Weak and wobbly leadership

We will all be surprised (and most of us relieved) at the result of the general election. Although the Tories are still in power, just about, the horrifying prospect of the Nasty Party having a large majority has been averted. The empty “strong and stable” slogan intoned by the Maybot throughout the campaign now seems even more ludicrous than before last Thursday. What will happen over the next few months is not entirely clear, but a second election must be on the cards, and perhaps Corbyn, who has revealed hitherto hidden leadership qualities, can win.

Some of us may see some parallels between the antics of the Conservatives and those of our leadership, the Senior Mismanagement Team. The SMT has certainly adopted the neoliberalism, without reservation, that has characterised the Tories for some 40 years. The damage inflicted by Weinberg is not dissimilar to that of Theresa May’s on her ability to govern. After shooting the whole country in the foot, following her predecessor’s lead, she has now done the same to herself. Likewise, our ex-VC took a relatively healthy Kingston University and methodically cut the legs away.

Mrs May’s remaining time in office looks likely to be short. Our Chief Architect, Spier, will no doubt outlast her incumbency. But there are similarities between the two. Just as May has talked much about delivering a one-nation Britain, without actually doing anything towards that, Spier has promised more respect for the staff but done nothing in support. He has also proved equally keen on hollow slogans. But isn’t that neoliberal leaders all the way? Keep telling everyone how good you are, how well things are going, deny everything when it goes wrong, and ignore any awkward questions. Wobbly as she goes, Captain.

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Cheesy Steve

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Message from the bogs

A rare visitation descended upon our inboxes last Tuesday — a message from the gods. Well, the Board of Governors, who do tend to behave in mysterious ways. In their wisdom they have made our Chief Architect Spier the permanent VC, following “rigorous selection”. Not that the missive could easily be inscribed upon a tablet of stone. The windy managementese would be more suited to a scroll of BoG roll (geddit). Apparently Spier impressed their lordships with his “strengthening of the student experience” (eh?) and “streamlining its professional and support services”. That’s cuts to you and me. Bearing in mind that they allowed Clueless Julius to run amok for six years, one questions the BoG’s judgement in these matters, while they prepare themselves for any number of nice little well paid non-exec numbers in future. It’s great to be a director.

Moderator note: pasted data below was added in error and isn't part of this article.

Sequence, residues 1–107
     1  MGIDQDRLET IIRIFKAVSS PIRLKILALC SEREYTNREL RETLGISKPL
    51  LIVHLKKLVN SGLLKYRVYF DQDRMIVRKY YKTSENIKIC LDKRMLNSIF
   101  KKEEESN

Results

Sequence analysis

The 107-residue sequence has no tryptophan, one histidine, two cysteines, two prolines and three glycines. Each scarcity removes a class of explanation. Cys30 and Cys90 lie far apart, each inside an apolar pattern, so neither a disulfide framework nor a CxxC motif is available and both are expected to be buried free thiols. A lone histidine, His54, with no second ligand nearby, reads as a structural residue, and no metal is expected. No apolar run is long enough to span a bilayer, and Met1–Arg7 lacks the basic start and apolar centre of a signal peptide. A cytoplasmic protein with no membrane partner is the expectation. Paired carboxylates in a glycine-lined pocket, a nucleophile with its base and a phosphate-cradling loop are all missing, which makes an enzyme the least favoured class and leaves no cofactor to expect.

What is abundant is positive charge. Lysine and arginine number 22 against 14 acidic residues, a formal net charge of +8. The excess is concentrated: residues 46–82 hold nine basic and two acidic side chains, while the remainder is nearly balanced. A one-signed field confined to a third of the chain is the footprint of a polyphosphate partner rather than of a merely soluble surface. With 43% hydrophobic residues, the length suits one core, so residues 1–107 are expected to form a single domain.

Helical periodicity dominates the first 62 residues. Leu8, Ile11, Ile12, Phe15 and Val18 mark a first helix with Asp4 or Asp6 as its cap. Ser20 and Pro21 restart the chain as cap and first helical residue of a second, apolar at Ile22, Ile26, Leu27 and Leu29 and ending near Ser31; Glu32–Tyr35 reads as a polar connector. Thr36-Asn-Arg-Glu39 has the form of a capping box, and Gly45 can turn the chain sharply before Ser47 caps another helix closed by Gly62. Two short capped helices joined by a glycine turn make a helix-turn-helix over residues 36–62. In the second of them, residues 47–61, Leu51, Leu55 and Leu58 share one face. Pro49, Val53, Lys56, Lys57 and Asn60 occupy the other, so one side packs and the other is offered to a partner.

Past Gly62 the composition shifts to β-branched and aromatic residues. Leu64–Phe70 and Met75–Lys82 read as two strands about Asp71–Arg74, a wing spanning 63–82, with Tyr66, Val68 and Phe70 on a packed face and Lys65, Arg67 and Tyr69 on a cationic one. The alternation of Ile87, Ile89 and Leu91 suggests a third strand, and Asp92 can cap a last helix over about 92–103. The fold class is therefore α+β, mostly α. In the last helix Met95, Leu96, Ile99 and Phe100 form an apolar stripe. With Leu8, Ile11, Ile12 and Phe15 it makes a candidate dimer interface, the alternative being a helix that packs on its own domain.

Still, look on the bright side; well, try anyway. If not our Swiss big cheese, then probably some other psycho with an axe to grind on the heads of the long-suffering Kingston staff. And, let us not forget, Swiss Steve is supposed to recognise the failings of the leadership, and that staff are not so bad as the SMT likes to think. Trouble is we really have yet to see any concrete evidence of this. Perhaps the BoGs themselves could issue a commandment from Sinai: Thou shalt not shit on thy staff.

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Universitas adminstratoris

It’s perhaps as well that Kingston has no Classics department, or the grammar of the above title might be challenged by a Latin scholar. For those whose grasp of Latin is on a par with Dissenter’s, the contention is that Kingston is no longer a community of teachers and scholars but one of managers. Indeed, we may longer be a university at all. We cannot be teachers and providers of student satisfaction, as measured by NSS scores and, soon, TEF ratings; we cannot be scholars when we have no freedom to think, to try things out, to fail (as will often happen), when the management is threatening many of us with job loss and demotion. When you are sick to the pit of your stomach you cannot be a scholar.

Phase 1 of the cuts is done. Geology and classical Music are going, Economics and Politics are shrinking, the School of Performance and Screen is merging with Humanities, apparently with much chaos thanks to the Dean Penny (not such a bright) Sparke fobbing off reasonable objections to new course structures. Human Geography stays for the time being and enough staff in this area have opted to leave voluntarily, so no redundancies. Not so for Politics; staff there are being thrown into the arena of “limited competition”, an unseemly and abusive treatment of loyal employees. Music lecturers not sufficiently in the groove for the new pop courses are taking voluntary severance. So more valuable staff thrown out with the violins. Further cuts are to come.